Indo-American Psychiatric Association   
Annual Meeting & Banquet

31st IndoAmerican Psychiatric Association (IAPA) Scientific/Business Meeting  



Meeting Summary

The IndoAmerican Psychiatric Association (IAPA) held its annual scientific meeting at New Orleans on May 23rd 2010.

There were four excellent presentations which garnered interesting questions from the audience and lead to stimulating discussions.

The abstracts of the four presentations are described below:

The evening was colorful and entertaining. It started off with a cocktail hour followed by a presentation on the status of the organization by the President, Dr.Shiv Kumar Hatti and other IAPA office bearers. Achievement awards were presented to several IndoAmerican psychiatrists who have made significant contributions in the clinical and research area. The evening ended with a rich delicious Indian dinner followed by music and dancing.

ABSTRACTS of PRESENTATIONS: Dr. Nutan Atre Vaidya, MD, who received the 2010 IAPA outstanding academician award presented on the influence of stress and genes on brain and behavior. She reported that stress is neither simply a nervous system tension nor it is purely a psychological experience. Acute stress activates hypothalamic pituitary axis and releases cortisol and cytokines. Individuals vary in their responses to stress. Genetic variability, repeated environmental stressors, as well as early experiences set stress reactivity of the brain leading to inadequate or prolonged stress responses. Resilience is used to refer to the finding that some individuals have a relatively good psychological outcome despite suffering experiences that would be expected to bring about serious sequelae. Resilience occurs due to controlled exposure to stress than avoidance. Adequate sleep, physical activity, meditation, appropriate social interaction and balanced healthy diet may also serve as good stress busters.

Dr. Anand Kumar, MD, presented on ‘Late-life Depression: Clinical and Neurobiological Substrates’. The focus of his presentation was on the unique clinical features of MDD in the elderly and the neurobiological substrates that underlie this disorder.  Links between cognition (e.g. dementia, more specifically Alzheimer’s disease), medical co-morbidities (e.g. stroke, diabetes, cardiac disease), and anatomical/structural changes (e.g. smaller brain volumes in the prefrontal region, basal ganglia, and hippocampus and presence of white matter hyperintense lesions in the periventricular region, deep white matter and subcortical regions) were made in an attempt to clarify the underlying neuronal circuitry of depression in the elderly. Dr.Kumar concluded that the pathogenesis of late life depression is complex and includes a combination of vascular pathology, neurodegeneration and amyloidogenesis.

Razia Kosi, LCSW-C discussed ‘Collaborations with the Community- Demystifying Mental Health’. She spoke about her experiences as the founder and director of a non-profit organization based in Columbia, MD, called, Counselors Helping (South) Asians, Inc. (CHAI). Over the last several years CHAI’s mission, has evolved to address the mental health needs of the South Asian community in the Maryland area. To accomplish this goal, CHAI collaborates with other agencies such as South Asian Americans Leading Together (SAALT), a civil rights advocacy group, National Alliance for Mental Illness (NAMI), the Muslim Community Center Medical Center and the Maryland chapter of the Indo-American Psychiatric Association. The journey has been fruitful thus far and CHAI hopes to continue forging ties with other mental health organizations in order to capitalize on best practices in community collaborations from multiple perspectives.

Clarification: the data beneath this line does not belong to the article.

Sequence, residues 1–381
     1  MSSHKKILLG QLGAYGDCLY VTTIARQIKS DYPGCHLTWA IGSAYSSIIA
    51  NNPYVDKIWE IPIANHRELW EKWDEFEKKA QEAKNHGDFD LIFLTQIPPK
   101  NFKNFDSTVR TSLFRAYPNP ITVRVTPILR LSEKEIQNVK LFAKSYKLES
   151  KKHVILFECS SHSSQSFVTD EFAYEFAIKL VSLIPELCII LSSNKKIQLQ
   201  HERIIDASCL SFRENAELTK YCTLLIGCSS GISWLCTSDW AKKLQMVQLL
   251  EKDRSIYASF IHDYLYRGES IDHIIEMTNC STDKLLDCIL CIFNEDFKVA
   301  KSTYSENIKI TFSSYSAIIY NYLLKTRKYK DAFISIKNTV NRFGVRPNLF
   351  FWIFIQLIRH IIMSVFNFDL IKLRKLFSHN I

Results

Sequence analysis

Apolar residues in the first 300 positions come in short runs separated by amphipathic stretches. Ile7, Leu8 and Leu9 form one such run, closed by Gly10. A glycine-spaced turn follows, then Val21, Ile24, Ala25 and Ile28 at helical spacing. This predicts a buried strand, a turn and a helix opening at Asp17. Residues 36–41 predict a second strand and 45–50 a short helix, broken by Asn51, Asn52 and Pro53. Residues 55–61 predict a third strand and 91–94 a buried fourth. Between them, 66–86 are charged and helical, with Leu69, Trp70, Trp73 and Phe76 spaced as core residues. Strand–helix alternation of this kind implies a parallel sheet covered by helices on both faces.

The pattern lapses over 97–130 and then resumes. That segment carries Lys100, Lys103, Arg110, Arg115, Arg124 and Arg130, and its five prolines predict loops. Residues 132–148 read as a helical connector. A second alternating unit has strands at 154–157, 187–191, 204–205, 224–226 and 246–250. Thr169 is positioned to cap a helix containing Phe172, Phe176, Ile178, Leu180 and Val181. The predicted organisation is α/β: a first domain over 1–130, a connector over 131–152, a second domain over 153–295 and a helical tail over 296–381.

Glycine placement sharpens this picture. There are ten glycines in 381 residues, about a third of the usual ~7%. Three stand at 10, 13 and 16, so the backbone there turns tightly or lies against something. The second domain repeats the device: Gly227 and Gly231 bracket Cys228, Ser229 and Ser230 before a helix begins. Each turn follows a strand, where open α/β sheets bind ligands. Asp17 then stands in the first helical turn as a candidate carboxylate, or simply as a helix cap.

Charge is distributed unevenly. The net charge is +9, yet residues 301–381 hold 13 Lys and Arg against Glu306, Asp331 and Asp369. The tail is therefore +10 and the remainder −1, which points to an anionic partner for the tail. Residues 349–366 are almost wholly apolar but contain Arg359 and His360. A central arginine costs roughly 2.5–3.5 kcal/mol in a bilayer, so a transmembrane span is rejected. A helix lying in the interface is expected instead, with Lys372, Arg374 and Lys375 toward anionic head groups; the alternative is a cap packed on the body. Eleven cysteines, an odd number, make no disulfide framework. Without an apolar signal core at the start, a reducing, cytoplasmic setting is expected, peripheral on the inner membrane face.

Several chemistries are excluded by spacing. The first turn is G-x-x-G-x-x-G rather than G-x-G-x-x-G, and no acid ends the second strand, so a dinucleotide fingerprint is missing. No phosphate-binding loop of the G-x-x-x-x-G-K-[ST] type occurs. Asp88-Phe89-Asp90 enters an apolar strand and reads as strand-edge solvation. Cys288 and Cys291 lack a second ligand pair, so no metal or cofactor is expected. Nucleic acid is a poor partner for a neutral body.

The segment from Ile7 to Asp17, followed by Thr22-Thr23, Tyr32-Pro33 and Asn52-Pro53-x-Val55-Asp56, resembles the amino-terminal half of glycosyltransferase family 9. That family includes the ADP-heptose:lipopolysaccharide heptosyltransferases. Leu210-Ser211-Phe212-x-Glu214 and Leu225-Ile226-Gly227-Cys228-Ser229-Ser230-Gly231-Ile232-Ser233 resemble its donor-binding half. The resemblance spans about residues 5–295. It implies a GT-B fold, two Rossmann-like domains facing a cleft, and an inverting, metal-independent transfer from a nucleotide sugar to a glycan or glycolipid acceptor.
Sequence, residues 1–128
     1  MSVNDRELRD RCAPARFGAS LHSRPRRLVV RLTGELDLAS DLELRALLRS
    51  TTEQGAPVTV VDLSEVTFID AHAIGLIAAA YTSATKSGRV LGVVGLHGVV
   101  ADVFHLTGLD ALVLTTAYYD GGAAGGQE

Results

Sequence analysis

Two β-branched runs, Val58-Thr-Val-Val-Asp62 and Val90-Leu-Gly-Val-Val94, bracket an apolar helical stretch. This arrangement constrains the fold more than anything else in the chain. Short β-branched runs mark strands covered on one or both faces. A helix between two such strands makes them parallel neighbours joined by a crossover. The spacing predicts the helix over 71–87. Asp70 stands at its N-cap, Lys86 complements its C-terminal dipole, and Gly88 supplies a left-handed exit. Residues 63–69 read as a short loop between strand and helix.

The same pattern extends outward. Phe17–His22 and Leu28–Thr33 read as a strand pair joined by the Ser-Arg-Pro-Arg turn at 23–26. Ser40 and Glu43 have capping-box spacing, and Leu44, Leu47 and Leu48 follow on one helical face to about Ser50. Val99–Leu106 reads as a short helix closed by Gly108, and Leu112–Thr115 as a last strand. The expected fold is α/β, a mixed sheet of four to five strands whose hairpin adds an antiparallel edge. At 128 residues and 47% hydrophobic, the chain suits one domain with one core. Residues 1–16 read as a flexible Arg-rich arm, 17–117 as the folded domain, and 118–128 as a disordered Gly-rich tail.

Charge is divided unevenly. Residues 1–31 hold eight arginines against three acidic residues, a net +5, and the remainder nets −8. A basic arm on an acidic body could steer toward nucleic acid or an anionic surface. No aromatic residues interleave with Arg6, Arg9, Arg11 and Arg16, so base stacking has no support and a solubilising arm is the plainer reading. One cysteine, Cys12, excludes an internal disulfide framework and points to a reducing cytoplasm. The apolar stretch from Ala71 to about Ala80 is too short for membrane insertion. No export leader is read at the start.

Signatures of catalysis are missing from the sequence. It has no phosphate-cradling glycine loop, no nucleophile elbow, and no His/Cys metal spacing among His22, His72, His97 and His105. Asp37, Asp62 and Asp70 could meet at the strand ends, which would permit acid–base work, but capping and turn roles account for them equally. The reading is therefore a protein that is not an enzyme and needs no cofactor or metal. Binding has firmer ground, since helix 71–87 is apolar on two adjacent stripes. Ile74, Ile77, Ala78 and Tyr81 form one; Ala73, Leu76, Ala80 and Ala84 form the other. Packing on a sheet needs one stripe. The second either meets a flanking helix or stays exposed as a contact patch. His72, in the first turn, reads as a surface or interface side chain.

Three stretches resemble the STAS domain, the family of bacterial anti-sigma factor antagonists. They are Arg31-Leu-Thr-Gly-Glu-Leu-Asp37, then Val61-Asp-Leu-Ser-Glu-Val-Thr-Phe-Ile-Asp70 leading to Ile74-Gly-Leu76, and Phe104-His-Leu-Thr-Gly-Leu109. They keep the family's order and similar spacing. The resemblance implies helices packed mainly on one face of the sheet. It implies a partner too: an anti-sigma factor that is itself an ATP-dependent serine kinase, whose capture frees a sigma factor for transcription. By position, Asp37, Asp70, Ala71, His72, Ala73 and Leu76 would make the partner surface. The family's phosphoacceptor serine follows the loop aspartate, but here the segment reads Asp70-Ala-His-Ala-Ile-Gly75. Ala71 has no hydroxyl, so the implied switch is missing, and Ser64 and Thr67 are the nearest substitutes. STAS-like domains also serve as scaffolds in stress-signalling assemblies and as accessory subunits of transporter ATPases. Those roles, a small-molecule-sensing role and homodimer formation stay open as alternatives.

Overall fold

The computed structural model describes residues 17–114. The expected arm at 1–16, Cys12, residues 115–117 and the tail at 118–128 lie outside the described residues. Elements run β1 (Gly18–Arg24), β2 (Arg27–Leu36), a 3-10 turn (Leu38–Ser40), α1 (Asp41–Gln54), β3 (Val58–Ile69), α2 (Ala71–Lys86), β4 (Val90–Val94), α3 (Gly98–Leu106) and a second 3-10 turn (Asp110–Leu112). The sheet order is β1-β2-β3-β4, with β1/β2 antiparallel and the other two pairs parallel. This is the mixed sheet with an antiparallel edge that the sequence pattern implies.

Dr.Neha Navsaria, PhD, reported on ‘Culture and Resiliency: A Study of Young Adults in the South Asian Diaspora’. Existing research on the acculturative processes of Asian Indians often carry assumptions that acculturation is one-dimensional, linear and associated with a number of risk factors.  Problems that surface from these assumptions relate to 1) the failure to capture the multidimensional nature of acculturation, 2) the lack of understanding of the diasporic contexts and multiple migratory pathways for Asian Indians and 3) limited knowledge on how acculturation can promote positive functioning. Preliminary findings from Dr.Navsaria’s research reveals that acculturation levels are impacted by country of residence, but not parental country of origin and resiliency is universal for Asian Indians and is not impacted by country of residence or parental country of origin Total resiliency was significantly associated with preparation and consumption of food, interracial attitudes/cultural mistrust (negative relationship) and religious beliefs. Higher level of resiliency was associated with higher levels of adherence to traditional religious beliefs & preparation and consumption of food and lower levels of traditional interracial attitudes/decreased cultural mistrust.

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